Yes, indeed. Water is crucial for the energy sector – rivers are used for cooling purposes in nuclear and other thermal power plants, for producing electricity via run-of-river hydropower plants and for transporting coal and other fuels via barges. Therefore, low river levels immediately cause issues in the energy supply chain. Snowpack has been decreasing in the past few winters in Europe, and that has a direct impact not only on hydro resources to be used in the spring and summer, but also on the fresh water supply.
How does your typical working day look like?
I start early in order to look at how the latest weather forecasts have developed, as some of them are released after market closes the day before. I prepare a daily report which is sent to our traders and analysts. After the daily analysis, my time is split in two: on one hand, it is my task to develop tools that deal with weather-related data with the final purpose of improving the accuracy of our price model. On the other hand, it is about combining weather updates and weather forecasts with current market prices, coupled with our price forecast model, in order to develop weather-based trading strategies.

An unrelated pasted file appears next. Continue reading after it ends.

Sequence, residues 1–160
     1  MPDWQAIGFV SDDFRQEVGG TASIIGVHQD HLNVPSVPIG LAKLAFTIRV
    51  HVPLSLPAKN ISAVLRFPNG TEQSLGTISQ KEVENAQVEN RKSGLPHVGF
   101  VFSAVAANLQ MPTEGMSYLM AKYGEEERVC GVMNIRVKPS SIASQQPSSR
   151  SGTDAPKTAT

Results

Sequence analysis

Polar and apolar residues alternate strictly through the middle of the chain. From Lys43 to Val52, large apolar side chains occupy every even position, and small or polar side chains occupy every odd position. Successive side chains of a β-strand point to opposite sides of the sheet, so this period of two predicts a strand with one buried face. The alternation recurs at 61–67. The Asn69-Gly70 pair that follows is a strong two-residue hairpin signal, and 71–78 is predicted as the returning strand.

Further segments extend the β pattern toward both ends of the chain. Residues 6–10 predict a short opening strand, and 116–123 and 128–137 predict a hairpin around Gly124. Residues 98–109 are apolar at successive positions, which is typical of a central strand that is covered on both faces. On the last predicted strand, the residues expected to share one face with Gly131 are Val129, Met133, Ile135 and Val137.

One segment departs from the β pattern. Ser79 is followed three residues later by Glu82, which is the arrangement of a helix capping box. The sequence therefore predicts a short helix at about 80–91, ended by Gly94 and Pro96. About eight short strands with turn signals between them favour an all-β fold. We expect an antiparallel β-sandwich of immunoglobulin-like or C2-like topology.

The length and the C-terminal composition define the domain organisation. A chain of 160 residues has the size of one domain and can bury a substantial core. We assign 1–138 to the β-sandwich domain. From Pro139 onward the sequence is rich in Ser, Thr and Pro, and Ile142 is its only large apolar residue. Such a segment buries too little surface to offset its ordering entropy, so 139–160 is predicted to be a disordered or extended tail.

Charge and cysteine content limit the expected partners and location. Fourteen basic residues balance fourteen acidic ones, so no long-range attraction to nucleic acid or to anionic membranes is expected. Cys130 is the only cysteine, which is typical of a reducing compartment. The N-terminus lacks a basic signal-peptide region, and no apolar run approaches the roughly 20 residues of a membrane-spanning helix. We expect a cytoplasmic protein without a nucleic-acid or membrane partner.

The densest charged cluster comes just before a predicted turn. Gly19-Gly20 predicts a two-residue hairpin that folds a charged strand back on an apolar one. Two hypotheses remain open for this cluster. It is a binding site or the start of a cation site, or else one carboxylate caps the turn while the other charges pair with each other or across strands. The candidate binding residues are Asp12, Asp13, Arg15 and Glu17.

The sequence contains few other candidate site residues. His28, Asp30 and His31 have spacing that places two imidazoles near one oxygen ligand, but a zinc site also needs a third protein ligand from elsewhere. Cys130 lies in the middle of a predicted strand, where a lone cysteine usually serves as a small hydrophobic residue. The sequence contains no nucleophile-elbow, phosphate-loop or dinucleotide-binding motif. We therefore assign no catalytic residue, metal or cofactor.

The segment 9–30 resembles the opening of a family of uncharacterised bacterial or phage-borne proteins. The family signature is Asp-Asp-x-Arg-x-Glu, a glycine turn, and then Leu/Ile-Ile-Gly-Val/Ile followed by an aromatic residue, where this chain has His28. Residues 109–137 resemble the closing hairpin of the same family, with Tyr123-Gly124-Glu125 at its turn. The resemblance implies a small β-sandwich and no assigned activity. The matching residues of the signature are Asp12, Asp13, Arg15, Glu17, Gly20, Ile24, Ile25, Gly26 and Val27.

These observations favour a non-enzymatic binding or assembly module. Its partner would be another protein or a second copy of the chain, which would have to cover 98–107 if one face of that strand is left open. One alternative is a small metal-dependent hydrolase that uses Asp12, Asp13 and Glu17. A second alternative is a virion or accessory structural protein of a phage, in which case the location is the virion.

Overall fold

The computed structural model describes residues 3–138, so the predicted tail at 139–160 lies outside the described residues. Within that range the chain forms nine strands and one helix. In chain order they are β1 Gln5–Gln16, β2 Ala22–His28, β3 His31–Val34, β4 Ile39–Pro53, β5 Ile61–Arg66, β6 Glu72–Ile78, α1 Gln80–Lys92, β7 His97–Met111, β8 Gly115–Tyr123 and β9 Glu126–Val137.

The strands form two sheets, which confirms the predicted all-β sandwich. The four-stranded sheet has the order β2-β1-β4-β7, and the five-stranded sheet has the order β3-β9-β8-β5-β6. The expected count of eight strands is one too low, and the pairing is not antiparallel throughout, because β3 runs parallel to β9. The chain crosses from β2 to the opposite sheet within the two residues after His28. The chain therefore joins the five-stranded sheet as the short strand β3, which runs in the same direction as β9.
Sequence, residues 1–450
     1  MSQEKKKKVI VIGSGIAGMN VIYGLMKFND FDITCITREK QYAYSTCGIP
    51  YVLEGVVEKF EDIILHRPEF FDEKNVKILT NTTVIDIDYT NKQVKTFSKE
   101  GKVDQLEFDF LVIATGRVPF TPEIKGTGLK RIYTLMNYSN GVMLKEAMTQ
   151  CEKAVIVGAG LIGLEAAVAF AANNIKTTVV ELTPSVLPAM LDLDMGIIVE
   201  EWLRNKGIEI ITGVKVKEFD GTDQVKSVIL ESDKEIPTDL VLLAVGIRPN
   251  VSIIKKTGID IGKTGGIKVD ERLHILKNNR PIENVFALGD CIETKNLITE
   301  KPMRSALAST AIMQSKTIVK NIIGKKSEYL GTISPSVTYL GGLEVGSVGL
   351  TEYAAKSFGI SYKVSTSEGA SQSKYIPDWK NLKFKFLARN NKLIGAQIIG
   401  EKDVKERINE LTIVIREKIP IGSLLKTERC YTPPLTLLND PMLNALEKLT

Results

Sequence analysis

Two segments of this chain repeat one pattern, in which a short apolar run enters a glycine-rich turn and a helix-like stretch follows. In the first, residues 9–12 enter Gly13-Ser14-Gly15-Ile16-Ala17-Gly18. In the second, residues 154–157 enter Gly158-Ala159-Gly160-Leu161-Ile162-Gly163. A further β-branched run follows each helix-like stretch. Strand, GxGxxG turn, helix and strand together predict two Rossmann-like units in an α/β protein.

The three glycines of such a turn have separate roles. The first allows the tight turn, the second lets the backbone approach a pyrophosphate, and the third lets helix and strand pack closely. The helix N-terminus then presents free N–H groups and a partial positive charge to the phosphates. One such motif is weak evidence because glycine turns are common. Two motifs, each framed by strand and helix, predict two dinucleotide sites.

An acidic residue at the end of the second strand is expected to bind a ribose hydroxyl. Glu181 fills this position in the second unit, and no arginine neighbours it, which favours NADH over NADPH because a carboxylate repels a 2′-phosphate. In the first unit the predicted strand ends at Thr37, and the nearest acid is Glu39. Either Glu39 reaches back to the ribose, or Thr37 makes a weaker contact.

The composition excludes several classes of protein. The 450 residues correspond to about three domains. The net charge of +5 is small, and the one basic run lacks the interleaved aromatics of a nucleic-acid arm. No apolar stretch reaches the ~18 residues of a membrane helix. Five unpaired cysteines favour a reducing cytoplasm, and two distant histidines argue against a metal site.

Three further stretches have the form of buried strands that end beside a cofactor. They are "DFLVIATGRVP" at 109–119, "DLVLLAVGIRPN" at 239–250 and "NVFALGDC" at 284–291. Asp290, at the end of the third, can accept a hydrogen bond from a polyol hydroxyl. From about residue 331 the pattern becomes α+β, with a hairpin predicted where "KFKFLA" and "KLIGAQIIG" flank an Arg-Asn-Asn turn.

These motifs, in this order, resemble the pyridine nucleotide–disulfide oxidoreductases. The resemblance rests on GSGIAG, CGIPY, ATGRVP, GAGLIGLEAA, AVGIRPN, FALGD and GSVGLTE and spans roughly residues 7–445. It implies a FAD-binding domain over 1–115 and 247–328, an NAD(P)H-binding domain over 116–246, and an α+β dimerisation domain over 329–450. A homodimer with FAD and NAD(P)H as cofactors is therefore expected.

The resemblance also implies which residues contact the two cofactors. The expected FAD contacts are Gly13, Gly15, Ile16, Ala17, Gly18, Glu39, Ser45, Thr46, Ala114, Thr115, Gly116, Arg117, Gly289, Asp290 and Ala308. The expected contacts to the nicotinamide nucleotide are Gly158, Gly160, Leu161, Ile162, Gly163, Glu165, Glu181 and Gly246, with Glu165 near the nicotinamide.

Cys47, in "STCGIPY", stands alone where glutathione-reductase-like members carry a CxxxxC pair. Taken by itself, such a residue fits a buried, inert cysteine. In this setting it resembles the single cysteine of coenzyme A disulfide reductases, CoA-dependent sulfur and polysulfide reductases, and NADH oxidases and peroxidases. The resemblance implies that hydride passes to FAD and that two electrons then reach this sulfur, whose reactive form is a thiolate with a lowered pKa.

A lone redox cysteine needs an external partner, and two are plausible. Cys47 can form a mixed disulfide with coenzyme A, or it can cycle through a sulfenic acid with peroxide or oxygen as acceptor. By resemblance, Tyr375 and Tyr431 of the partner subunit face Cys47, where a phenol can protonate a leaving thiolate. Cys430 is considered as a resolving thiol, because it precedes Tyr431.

Weather is becoming more and more extreme, as it seems.
This is true. Some aspects of the weather we have been experiencing in the last couple of years can be considered as extreme weather. For example, we have seen some of the worst droughts for the past 150 years. Summers are getting hotter with maximum temperature records being broken almost every year, especially in Southern Europe. There is a lot of ongoing research on why this is happening. One of the culprits for the European area is the reduced sea ice extent in the Arctic.
How does that impact an energy company and the market prices?
For the energy sector in particular, as extreme weather events cannot be predicted more than a couple of days in advance, agility is important. Spot markets can be very volatile, as supply needs to match demand. A couple of very windy days in Europe would drop the demand from thermal power plants and make their production uneconomical.
Can meteorology support MET in reaching its renewables expansion goals?